Gerard Baker, in The Wall Street Journal, December 8-9, 2018

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” … powerful people and institutions … did whatever they wanted without deference to the will of the people … “

While Mr. Baker is referring to Brexit and the English people and their politicians and bureaucrats … and (by inference) the wealthy and corporate elites and those in the public media and higher education, what he says explains the riots in France and the election of a populace in Italy and in the United States.  To make this simple – the political class and the well-healed have created a divide between the populace (and their ethos) and their own particular desires, interests and often loony or unsavory ideas, fetishes and fancies.

In France, England, Italy and the United States – there is a great divide between the common man and woman and the governing class and the wealthy class.  The divide is best seen in the question of sovereignty – namely: Who rules in a representative democratic republic?  Those in public office or government bureau, or the citizens of that nation?

Make no mistake – the identity that accrues from being a citizen of the United States, England, France or Italy is not easily dismissed or dissolved by those who think they know better by virtue of their: status, power, title, education, wealth or social circle.

Indeed, to be blunt – here in the United States we have seen the likes of the Clintons as representatives of governing class and we know they are, to be kind, utterly unlikable and substantially disordered.  Of course, they are not alone among the elites in that regard.

My point?  The voting public is no longer apt to play follow “the leader” when the costs of doing so are the loss of their livelihood, identity, freedom, family, religious ethos, culture, their priceless morality or safety and security.

For this tension to be resolved favorably, the elites must be disabused of the idea that they know best.  They do not.

Shalom.

In the Celtic tradition many stories tell of the warrior or hero who goes off to battle but, before leaving, begets a son.  The hero dies and so the son is born with no father and this is regarded as a Virgin Birth.

Joseph Campbell, in Thou Art That

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In the history of human story over the Ages, the idea of a Virgin Birth is rather common and it linkage is with the quest of the child (often a male child) who must seek his identity as a man and find his spiritual father.

James Joyce in Ulysses has Stephen Dedalus in search to find his spiritual father – the one who gives him his character.

Seeking one’s father is so common a literary event, is it not odd that this presents itself almost not at all in a secular culture whereby many children, and many male children, are born without a father in residence, even born to an unknown or absent father?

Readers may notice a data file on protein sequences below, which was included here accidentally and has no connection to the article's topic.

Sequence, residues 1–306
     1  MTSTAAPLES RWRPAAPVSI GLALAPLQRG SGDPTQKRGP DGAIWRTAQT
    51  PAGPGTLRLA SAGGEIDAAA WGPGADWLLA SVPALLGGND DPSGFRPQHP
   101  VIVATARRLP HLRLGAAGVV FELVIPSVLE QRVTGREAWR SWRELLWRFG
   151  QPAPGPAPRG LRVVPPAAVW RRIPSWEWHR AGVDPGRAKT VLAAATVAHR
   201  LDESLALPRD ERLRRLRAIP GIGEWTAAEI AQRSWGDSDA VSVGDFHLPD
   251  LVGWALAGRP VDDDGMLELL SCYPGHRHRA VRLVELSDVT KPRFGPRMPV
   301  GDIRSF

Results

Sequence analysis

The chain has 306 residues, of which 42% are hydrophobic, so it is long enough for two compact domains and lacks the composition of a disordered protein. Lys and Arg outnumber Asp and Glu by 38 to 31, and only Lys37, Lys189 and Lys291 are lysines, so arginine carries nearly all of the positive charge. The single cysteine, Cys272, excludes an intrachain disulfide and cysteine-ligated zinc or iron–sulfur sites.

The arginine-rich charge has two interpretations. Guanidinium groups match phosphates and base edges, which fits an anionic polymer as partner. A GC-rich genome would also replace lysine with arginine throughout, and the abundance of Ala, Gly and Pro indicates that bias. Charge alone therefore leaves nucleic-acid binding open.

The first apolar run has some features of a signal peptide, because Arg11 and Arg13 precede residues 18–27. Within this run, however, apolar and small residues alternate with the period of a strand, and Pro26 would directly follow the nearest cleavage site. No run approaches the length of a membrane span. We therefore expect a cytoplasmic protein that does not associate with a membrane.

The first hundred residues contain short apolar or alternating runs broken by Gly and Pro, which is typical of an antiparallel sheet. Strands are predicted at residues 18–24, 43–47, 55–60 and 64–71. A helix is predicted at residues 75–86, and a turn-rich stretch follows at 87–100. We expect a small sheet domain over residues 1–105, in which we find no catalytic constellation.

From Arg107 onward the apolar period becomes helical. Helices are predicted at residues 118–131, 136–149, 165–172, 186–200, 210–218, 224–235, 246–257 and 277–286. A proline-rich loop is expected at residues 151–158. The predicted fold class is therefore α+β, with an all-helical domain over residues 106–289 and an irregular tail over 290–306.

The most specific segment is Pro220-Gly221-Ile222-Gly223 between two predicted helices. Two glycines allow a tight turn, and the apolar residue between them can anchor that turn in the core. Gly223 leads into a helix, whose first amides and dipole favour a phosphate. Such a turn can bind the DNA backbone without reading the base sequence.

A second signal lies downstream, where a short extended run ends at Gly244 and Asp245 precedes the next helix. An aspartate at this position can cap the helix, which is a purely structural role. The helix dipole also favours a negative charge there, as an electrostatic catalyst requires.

I, of course, ask this to point out that we are ignorant of a common human motif and the very critical quest that is presented to a boy who does not know his father.  Likewise, I add this – we talk of Virgin Birth as largely a scientific non-starter … something that cannot be reasoned … as if reason is the source of all truth and understanding.  Odd isn’t it.  This the narrow scope of those who received an “education” such as it limits present.

A boy without a father faces a significant hurdle.  I was such a boy.  My father walked by me when I was a small child and never said “hi.”  He played no greater part in my life.  From him I learned that those who do not love you, do not love you … and that I was largely on my own, left (as I did) to protect my mother and learn from life and the good men and women around me – what it is to be a man.

In the context of this quest – I acquired considerable understandings – many subtle and nuanced – but all trans-generational and trans-cultural truths … In this context I was all eyes – watching and learning.  In this context I learned how to defend myself and others and be aggressive when I needed to be … I saw more clearly the fit between men and women and our indispensable need for one another, and the unique and heroic nature of both men and women.  I learned that two are stronger than one … and that we all have a Spiritual Father.

Shame on us for not seeing the common search of one’s father and the cost imposed by a father who flees his responsibilities, and for damage done by women who make “men” the cause of all that they feel has been wrongly done to them.  Shame on us for not seeing that the violence of fatherless children has a great deal to do with our ignorance as to one’s desire to know who he is and to have a rite of passage to adulthood and an honorable fatherhood.